so, just where is our free speech zone?

They told him he had to go to "the free-speech zone."

The police had established a protest area a good half mile from the South Carolina airport hanger where Bush was supposed to speak last fall. Brett A. Bursey wanted to get closer than, in his words, "out there behind the coliseum by the dumpsters," so he and his friends approached the police.

"We attempted to dialogue for a while, them telling me to go to the free-speech zone, me saying I was in it: the United States of America," Mr. Bursey said. Finally, he said, an airport policeman told him he had to put down his sign ("No War for Oil") or leave.

"'You mean, it's the content of my sign?' I asked him," Mr. Bursey said. "He said, `Yes, sir, it's the content of your sign.' "

Mr. Bursey kept the sign and was arrested; he said he watched Air Force One land from the back of a patrol wagon and spent the night in the county jail.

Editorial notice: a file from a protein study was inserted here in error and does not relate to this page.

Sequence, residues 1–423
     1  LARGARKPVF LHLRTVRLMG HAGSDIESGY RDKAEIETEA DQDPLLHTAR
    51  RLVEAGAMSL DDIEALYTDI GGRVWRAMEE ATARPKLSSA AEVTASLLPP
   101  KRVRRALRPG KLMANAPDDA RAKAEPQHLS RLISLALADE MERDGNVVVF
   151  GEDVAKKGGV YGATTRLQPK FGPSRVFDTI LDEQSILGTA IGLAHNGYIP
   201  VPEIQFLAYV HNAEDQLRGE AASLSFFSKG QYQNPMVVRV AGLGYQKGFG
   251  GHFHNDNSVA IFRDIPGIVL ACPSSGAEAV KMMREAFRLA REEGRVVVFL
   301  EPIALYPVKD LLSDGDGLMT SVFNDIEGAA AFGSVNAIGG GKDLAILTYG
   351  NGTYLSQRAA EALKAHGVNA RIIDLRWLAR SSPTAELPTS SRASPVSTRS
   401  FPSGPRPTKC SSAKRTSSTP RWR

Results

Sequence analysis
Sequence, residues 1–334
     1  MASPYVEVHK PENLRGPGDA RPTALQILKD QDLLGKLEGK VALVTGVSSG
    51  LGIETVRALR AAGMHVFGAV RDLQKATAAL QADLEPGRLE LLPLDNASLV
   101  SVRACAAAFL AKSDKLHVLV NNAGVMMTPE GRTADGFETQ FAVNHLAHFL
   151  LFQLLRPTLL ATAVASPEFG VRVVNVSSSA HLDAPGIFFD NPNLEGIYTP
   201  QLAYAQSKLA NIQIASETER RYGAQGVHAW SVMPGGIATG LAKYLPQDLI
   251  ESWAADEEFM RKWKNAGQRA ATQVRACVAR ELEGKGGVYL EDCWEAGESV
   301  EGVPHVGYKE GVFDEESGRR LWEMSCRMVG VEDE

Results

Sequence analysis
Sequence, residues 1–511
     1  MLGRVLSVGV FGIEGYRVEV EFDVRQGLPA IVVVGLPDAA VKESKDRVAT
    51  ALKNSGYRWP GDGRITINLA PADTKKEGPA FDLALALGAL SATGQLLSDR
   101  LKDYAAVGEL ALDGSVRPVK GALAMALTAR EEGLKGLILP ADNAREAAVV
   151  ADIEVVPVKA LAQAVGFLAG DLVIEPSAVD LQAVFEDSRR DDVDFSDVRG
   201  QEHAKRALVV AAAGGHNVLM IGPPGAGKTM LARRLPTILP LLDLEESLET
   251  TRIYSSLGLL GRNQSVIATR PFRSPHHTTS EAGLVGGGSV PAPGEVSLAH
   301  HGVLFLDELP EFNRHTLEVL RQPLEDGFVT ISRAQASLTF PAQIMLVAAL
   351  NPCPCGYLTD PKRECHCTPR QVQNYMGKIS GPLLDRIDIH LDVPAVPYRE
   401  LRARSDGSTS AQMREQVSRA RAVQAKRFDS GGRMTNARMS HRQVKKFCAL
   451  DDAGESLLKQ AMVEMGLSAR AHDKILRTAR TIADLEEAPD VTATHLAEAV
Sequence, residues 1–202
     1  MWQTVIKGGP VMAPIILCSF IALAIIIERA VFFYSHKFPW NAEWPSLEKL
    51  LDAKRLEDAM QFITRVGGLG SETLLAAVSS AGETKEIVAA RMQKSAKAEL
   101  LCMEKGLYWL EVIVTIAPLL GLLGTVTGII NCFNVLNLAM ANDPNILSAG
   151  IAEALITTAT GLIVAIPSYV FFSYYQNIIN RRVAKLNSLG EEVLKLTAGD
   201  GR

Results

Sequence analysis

As routine but no less disturbing as such events have become in this country, normally that would have just about been the end of the story. But while the charge against Bursey was soon dropped, news of his terrible crime against the state did not escape the attention of the true guardians of our liberties.
. . . last month, the local United States attorney, J. Strom Thurmond Jr., brought federal charges against Mr. Bursey under a seldom-used statute that allows the Secret Service to restrict access to areas the president is visiting. He faces six months in jail and a $5,000 fine.

comment This is unbelievable, or I should say, should be unbelievable. I hope some brilliant civil rights attorney comes to his rescue.